To make this goal a reality, the balance of the sled needed to have its mass and weight centered and carried as low as possible. It wouldn’t make any sense to have the cylinder block angled forward, over the ski spindles, or perched any higher than needed. The moment of inertia was quickened and the center of gravity lowered by rotating the engine 180 degrees and canting the cylinders 30 degrees rearward. This effectively moved the engine mass towards the driver, allowing the sled to respond more quickly and accurately to steering inputs. Predictability, stability and control were enhanced, resulting in outstanding rider confidence.


Early testing was performed on a modified R&D prototype using an all-new unequal length double wishbone front suspension. Weight was added to different areas of the chassis to affect balance. Not surprisingly, handling deteriorated when weight was added to the front. However, handling improved with the weight moved to the very rear of the tunnel. This led to an exhaust system layout locating the muffler in the rear end of the tunnel and taking weight normally supported by the skis and repositioning it over the rear axle.


A new aluminum-alloy, high pressure, high vacuum die-casting process was developed to offer several key chassis components exceptional strength while further reducing weight. The main bulkhead and bulkhead sub-frame were both die-cast and tied together with a high-strength extruded aluminum tube to create the all-new Deltabox chassis.


The extreme rigidity provided by the Deltabox design was key for the application of the dual wishbone front suspension. The front suspension had the ability to produce superior handling characteristics, because the chassis resists flex and does not spring from torsional loading of the front end.


There was every indication that this unique suspension system would eliminate bump-steer and deliver superior bump compliance with less under-steer, or push—all key points to give the rider unsurpassed comfort, confidence and control. The rolling chassis was ready for testing.


Fantastic Four


The R1 engine makes awesome horsepower and torque but does so using high, peak rpm. That’s not a problem for motorcycles using standard transmissions, but in the case of variable V-belt transmissions, rpm and durability have a fine line of balance. Motorcycles also seldom see use in sub-zero temperatures and therefore require little consideration for cold temperature starting. It was obvious that a lot of re-designing was needed to produce an engine of R1 capability for snowmobile use. And so the R1 powerplant underwent a complete makeover.


First, a secondary output shaft would deliver power through a pulse-isolated geared reduction drive, spinning the modified YXRC primary clutch at a reliable 8550 rpm (down from a crank speed of 10,200). A dry sump oil lubrication system was developed using a high volume oil pump with a remote oil reservoir.


A heavy-duty, 425-watt rare earth flywheel magnet would handle the charging duties, and an all-new high output starter motor would supply the cranking power for reliable, sub-zero starts. The engine would receive its ignition spark from another industry first: top coil plugs incorporating highly efficient coils right in the plug caps. Fueling duties were assigned to a bank of liquid-heated 37mm constant velocity carbs.


Many hours of bench testing and cold room operation resulted in extremely positive performance and reliability data. Another four-stroke myth was exploded: cold-weather starts would be quick and easy.


Here And Now


The body, chassis and engine came together in prototype form during the fall of 2000. The first RX-1 was crated and shipped to the Yamaha winter testing facility located on Hokkaido, Japan’s northern-most island. With great anticipation, Yamaha’s development team members from around the globe assembled in the small town of Shibetsu to determine the performance potential of the new sled.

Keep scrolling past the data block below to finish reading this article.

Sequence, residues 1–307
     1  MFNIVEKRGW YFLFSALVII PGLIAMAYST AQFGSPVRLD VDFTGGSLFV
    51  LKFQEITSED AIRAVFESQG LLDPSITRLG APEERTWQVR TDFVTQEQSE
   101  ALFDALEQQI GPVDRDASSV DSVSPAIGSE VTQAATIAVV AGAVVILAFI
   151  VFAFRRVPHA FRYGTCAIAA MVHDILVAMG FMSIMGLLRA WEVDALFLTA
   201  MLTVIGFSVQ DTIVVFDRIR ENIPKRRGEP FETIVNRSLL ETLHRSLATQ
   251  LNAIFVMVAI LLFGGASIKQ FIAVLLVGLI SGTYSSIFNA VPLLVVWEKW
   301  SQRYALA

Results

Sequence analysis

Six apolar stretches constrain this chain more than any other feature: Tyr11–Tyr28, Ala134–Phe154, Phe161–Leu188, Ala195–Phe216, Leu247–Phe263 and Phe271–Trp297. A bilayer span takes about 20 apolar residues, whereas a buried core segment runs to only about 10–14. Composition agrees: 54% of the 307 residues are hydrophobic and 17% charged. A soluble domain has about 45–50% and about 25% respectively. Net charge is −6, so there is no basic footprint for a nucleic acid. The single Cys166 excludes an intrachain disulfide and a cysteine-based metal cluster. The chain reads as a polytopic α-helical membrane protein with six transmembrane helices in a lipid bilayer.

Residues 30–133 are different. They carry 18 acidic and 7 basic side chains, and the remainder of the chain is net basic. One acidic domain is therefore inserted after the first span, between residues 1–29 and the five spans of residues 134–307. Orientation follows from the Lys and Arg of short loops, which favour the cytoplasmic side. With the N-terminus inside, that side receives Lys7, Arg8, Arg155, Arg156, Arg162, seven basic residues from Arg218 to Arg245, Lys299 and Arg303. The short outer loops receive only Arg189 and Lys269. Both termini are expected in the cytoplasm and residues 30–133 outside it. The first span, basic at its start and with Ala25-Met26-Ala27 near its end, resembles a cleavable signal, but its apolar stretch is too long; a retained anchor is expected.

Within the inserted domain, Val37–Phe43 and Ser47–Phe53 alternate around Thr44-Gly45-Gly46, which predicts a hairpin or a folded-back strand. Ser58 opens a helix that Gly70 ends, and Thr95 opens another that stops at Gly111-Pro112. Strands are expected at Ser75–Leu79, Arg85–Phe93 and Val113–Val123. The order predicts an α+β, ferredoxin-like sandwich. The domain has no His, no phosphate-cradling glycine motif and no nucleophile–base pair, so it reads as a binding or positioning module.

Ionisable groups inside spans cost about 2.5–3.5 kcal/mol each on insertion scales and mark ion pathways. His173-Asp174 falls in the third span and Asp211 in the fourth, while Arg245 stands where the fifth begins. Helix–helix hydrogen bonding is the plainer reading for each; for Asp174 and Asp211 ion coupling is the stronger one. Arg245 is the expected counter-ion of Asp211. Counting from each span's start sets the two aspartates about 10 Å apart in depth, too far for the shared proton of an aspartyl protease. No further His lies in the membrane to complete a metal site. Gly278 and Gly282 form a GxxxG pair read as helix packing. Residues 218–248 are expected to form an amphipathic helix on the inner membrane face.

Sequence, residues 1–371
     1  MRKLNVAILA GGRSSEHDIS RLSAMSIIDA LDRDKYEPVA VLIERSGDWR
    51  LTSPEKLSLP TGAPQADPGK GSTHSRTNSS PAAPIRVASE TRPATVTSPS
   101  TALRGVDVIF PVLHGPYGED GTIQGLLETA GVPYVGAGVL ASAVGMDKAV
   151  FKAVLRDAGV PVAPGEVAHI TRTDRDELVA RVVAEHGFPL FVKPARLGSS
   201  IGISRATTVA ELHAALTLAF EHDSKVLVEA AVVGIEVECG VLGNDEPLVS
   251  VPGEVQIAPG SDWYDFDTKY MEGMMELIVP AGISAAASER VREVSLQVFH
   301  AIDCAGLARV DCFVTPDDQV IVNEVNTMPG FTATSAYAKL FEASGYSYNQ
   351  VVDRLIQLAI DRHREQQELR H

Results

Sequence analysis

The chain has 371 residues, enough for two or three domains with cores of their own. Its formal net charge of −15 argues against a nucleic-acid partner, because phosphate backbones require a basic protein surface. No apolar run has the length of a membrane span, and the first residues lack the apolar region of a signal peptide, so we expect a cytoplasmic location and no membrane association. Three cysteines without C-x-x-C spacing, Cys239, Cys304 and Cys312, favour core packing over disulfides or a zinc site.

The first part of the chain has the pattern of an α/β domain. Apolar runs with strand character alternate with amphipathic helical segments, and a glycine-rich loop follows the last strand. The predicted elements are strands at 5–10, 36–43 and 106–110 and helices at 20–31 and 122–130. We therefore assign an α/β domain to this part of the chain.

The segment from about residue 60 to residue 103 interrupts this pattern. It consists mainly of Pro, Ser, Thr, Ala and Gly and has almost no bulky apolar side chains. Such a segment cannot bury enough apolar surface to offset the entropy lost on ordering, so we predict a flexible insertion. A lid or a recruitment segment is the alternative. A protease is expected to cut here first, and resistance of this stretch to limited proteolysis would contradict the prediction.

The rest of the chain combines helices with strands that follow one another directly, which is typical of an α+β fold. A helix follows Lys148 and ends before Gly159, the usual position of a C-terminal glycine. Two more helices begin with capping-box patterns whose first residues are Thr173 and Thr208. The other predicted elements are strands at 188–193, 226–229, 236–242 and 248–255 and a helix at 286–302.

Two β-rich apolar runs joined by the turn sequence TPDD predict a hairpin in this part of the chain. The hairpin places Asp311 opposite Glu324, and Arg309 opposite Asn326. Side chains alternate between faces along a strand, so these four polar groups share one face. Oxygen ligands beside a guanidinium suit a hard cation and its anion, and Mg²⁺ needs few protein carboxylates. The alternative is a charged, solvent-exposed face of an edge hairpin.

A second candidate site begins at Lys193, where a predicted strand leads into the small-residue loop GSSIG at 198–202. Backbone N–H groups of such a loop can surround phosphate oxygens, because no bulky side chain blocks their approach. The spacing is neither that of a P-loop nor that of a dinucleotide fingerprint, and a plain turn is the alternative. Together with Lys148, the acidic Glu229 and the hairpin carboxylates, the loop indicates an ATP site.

However, with minimal clutching and suspension setting time, the expectations of the group were conservative. It took less than three seconds to dispel all doubts. The prototype lined up beside a strong-running SRX and literally drove away from it. The RX-1 had liftoff.


Fast forward to November 2001. Based on years of testing, refining and improvements, final prototypes were assembled and shipped to Alaska. These prototypes were hammered relentlessly on the unforgiving tundra. Mile after mile was turned, and further adjustments were made. Testing then moved to the trails of Wisconsin and Michigan, and to the mountains of Montana. Every target was hit. Hard.


Throughout the rigorous development process, one thing remained crystal clear: This project was an incredible achievement. The Yamaha RX-1 is set to change the future of snowmobiling.
 

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Looks like a very well written marketing article.  They made it sound like there isn't anything that this machine can't do.  A bit too much padding, IMO.
 

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Same I said the first time I seen it Wolfman. Yamaha did a great job writing that.
 

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Now if Yamy waould get off their backends and build a 440 class racer that can compete with the others. As well as competitive small bore machines in the 500 and 600 cc class so people that can not afford to insure the bigger machines could have a competitive machine they can aford to insure.

There is way to much being put into these large bore machines lately with not much being put into the top selling classes of sleds such as the 500cc and 600cc.

I am not saying Yamaha is an inferior manufacturer I am saying that they are letting these smaller classes slid because they do not feel they are good sellers. The only reason yamahas smaller sleds did not sell as well was because they were a bit under powered compaired to the other manufacturers entries in these classes so they did not sell as well.  In the thousands of miles I have logged in on the trails I see far more 500s and 600s on the trails than I do the 700s and higher.